Hokkaido ski resorts see increase in local visitors despite pandemic
Although visitors from overseas and outside the prefecture have dropped significantly due to the coronavirus pandemic, a number of ski resorts in Hokkaido are seeing many local skiers this season, with some even experiencing an increase in such guests compared with the average year.
Given the perception of skiing as a safe outdoor activity carrying a low chance of COVID-19 infection, families who are hesitant to travel far are apparently skiing in their local area. Ski resort operators are not only focusing on strengthening precautions against the coronavirus but are also offering services targeting local residents.
Sanlaiva, a ski resort in the city of Noboribetsu, saw a 14% increase in the number of people using its lifts compared with last year, welcoming a total of 207,000 people as of Feb. 21. The proportion of overseas visitors to the resort was actually relatively low even before the pandemic, so it is the number of guests from the Iburi area, who usually account for the majority, that is on the rise.
“It seems that people see skiing as a low-risk activity in terms of infections, which makes them less anxious,” said Yoshio Sato, manager of Sanlaiva. Attempts to attract more young people, including reducing the cost of a lift pass by half to ¥1,200 per day, have been successful.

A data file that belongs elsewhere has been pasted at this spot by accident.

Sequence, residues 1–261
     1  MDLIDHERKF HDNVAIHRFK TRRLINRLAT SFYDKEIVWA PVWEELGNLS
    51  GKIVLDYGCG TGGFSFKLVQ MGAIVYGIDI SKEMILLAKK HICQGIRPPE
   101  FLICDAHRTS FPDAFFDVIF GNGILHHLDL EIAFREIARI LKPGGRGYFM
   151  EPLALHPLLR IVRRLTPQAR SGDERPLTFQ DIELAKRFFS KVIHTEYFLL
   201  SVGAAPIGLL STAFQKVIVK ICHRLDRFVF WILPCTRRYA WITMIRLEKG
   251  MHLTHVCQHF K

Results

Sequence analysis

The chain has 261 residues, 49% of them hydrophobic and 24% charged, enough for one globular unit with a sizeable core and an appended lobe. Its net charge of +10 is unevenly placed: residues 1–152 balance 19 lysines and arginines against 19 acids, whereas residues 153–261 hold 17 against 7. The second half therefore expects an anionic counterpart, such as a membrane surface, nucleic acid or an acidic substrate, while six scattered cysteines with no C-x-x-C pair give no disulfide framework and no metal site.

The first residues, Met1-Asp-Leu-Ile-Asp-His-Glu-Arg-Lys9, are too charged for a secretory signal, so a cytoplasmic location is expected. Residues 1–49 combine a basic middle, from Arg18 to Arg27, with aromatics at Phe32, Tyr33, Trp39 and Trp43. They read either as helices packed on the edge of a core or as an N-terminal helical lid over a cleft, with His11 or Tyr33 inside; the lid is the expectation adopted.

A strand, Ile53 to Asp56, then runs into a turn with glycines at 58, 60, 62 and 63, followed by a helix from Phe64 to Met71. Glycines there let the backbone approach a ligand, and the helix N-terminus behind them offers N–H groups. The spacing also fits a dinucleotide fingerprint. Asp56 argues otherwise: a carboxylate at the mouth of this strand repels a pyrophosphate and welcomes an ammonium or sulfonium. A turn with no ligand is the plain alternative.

In Sapporo, local guests have also provided steady revenue even during the pandemic. Sapporo Bankei Ski Area in Chuo Ward experienced a 10% increase in lift users in December and January compared with the same period a year before. In an effort to boost local guests this season, the resort has set the price for night skiing at ¥2,000, a ¥200 discount from the original price. This option has been popular for those who work during the day and prefer to ski at night, according to a staff member in charge.
The same trend can be seen at other skiing areas within Hokkaido. The decrease in overseas visitors and domestic travelers from outside Hokkaido has hit Sapporo Teine in Teine Ward hard, since that demographic accounted for about 30% of all guests. Yet thanks to an increase in local visitors, the facility has seen as many guests as an average year on weekends.
“I came here to exercise because we can’t do so if we stay home all the time, and traveling far is not an option due to the coronavirus concerns,” said Mayumi Kajiwara, a resident of Teine Ward who was skiing with her two children.
Remaining cautious about the virus, Sapporo Teine is taking different precautions such as setting up temperature sensors as well as disinfecting gondolas. At the same time, though, it is offering some programs to attract local visitors, including events for families as well as ski lessons for young skiers this month. It will also keep its night time operation open in April, even though it usually ends in March.
Ski resorts in other areas are also targeting attracting local visitors. Hoshino Resort Tomamu in Shimukappu, for instance, has launched a one-day bus round trip plan from Sapporo that includes lifts, lunch and access to hot springs.
“Spending time a short distance away in a safe, reassuring manner, I want people to know the charms of their local area by coming here,” said the staff member in charge.
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